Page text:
(AUMF AGAINST HAMAS & HIZBALLAH) H. J. Res. 84: Introduced 3/2 by Perry (R-PA) and Salmon (R-AZ), “To authorize the use of United States Armed Forces against organizations that support Islamist extremism, and for other purposes.” Consistent with the Netanyahu worldview, the resolution explicitly equates Hamas and Hizballah with ISIS and other groups, noting: “The list of organizations described in this subsection are the Islamic State, Al-Qaeda, Al-Qaeda in the Arabian Peninsula, Al-Qaeda in the Islamic Maghreb, Al Shabab, Boko Haram, Al-Nusrah Front, the Haqqani-Network, the Taliban, Houthi’s [sic], Khorasan Group, Hamas, Hezbollah, and any substantial supporters, associated forces, or closely related successor entities to any of such organizations.” Referred to the House Committee on Foreign Affairs.
(SYRIA WAR CRIMES) H. Con. Res. 121: Introduced 3/1 by Smith (R-NJ) and 3 cosponsors, “Expressing the sense of the Congress condemning the gross violations of international law amounting to war crimes and crimes against humanity by the Government of Syria, its allies, and other parties to the conflict in Syria, and asking the President to direct his Ambassador at the United Nations to promote the establishment of a war crimes tribunal where these crimes could be addressed.” Marked up 3/2 in the House Committee on Foreign Affairs and reported out by Unanimous Consent.
(AMERICANS HELD IN IRAN) H. Res. 148: Introduced 3/10/15 by Deutch (D-FL) and having 34 cosponsors, “Calling on the Government of Iran to follow through on repeated promises of assistance in the case of Robert Levinson, the longest held United States hostage in our Nation’s history.” Marked up in and reported out by the House Committee on Foreign Affairs 2/24. Brought to the floor under suspension of the rules 2/29 and passed by voice vote. Floor consideration 2/29 is here (statements from Ros-Lehtinen, R-FL; Smith, R-NJ; and Deutch, D-FL). Deutch press release on committee passage of the bill is here. Wasserman Schultz (D-FL) statement here.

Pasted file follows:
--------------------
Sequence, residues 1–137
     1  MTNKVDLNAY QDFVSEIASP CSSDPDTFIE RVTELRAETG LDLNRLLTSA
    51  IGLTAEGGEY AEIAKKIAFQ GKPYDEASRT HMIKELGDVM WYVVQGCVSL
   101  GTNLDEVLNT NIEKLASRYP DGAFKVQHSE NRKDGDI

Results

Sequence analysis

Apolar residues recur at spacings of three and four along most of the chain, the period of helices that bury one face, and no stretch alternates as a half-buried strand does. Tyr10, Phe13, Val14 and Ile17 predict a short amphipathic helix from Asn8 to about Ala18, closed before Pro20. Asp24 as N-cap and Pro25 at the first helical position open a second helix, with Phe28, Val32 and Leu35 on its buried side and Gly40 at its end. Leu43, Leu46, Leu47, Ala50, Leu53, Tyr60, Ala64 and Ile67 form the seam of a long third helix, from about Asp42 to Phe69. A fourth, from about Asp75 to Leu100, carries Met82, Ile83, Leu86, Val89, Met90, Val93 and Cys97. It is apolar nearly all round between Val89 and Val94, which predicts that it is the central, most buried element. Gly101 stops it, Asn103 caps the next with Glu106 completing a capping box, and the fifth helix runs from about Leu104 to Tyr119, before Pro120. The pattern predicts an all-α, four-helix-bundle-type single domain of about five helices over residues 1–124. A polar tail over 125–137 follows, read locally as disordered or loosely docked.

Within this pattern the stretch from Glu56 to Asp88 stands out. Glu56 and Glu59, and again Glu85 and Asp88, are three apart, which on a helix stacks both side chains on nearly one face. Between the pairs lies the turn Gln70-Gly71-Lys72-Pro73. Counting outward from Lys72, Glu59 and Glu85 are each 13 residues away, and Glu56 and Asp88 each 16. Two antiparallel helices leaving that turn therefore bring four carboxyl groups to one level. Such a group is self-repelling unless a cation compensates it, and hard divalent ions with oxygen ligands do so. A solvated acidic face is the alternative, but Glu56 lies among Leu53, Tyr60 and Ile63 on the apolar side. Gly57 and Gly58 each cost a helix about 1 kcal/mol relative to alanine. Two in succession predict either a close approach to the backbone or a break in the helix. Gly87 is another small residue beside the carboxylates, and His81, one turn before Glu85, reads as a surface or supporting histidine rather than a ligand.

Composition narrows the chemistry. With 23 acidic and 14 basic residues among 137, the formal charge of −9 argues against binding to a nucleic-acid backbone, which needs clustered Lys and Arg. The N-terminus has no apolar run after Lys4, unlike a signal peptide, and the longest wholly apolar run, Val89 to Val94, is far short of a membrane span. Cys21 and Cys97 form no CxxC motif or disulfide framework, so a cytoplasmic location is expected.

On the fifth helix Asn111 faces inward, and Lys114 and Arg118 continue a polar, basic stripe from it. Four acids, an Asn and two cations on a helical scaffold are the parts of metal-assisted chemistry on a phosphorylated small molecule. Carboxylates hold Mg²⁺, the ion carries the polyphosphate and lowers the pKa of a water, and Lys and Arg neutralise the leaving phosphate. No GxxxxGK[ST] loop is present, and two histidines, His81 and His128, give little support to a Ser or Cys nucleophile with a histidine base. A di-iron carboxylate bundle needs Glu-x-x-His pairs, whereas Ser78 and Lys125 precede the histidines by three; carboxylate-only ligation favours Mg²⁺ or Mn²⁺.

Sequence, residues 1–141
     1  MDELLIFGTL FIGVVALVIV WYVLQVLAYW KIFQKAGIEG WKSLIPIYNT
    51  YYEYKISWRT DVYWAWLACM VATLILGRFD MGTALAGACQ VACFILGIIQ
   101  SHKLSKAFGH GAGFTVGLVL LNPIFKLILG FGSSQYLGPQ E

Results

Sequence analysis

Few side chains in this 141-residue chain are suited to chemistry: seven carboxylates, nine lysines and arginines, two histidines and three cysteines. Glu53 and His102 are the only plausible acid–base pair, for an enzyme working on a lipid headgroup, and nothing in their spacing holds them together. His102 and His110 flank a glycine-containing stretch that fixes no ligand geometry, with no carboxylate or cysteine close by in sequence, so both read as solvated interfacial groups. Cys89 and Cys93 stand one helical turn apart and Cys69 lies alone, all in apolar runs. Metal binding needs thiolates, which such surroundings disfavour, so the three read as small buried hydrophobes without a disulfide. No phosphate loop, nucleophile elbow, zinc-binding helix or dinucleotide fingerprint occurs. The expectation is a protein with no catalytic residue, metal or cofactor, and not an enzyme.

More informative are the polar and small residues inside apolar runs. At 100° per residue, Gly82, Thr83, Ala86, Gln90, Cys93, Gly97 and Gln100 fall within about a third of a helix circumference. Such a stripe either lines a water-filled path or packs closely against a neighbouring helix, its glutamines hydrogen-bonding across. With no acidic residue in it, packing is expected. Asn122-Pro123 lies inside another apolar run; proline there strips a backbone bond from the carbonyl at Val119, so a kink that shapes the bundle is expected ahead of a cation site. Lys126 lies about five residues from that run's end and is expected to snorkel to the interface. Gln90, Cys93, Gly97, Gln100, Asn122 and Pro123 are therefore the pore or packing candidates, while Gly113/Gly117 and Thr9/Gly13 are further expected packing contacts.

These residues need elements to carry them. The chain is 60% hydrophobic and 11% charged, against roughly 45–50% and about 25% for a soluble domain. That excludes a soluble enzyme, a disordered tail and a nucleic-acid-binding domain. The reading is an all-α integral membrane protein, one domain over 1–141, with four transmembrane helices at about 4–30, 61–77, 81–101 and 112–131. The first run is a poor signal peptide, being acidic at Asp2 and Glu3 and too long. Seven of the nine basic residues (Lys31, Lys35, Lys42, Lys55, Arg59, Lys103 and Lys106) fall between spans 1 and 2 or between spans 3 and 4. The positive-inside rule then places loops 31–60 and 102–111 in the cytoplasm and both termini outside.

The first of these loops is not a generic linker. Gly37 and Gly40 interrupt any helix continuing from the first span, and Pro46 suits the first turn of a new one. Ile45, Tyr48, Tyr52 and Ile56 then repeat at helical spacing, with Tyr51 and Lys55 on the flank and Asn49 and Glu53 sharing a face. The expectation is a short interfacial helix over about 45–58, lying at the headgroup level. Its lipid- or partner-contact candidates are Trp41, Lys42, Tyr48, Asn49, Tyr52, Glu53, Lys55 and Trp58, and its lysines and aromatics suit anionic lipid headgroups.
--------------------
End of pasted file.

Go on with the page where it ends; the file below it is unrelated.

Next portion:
(VISA WAIVER PROGRAM & DUAL NATIONALS) Durbin et al letter: On 2/12, Senator Durbin (D-IL) and 12 other Senate Democrats sent a letter to Homeland Security Secretary Jeh Johnson seeking guidance on the issuance of waivers for individuals who are dual nationals of a country participating in the Visa Waiver Program and Iran, Iraq, Sudan, or Syria. The letter states, “Notably, the prohibition on dual nationals [passed as part of recent legislation] applies to individuals who were born in VWP countries and have never traveled to Iran, Iraq, Sudan, or Syria, but who are nationals of one of these countries solely because of their ancestry. We support reforming the VWP, but singling people out based on their national origin does not make us safer, is inconsistent with American values, and invites discrimination against American citizens who are dual nationals.” Press release on the letter is here.
(CONFIRM ADAM SZUBIN) Senate Banking Committee Dems letter: On 2/22, all 10 of the Democrats on the Senate Committee on Banking, Housing, and Urban Affairs sent a letter urging Chairman Shelby (R-AL) to stop obstructing President Obama’s nominees for critical Administration positions related to financial oversight, national security, export financing, and public transportation safety, including Adam Szubin. The letter notes, “The nominees include Adam Szubin, who was appointed in April 2015 to serve as Undersecretary for Terrorism and Financial Crimes at the Treasury Department. Szubin is currently serving in the position in an acting capacity. The post is essential to enforcing U.S. sanctions laws against countries like North Korea, Iran, and Russia, as well as to choking off funding to ISIS, al Qaeda, and other terrorist organizations.”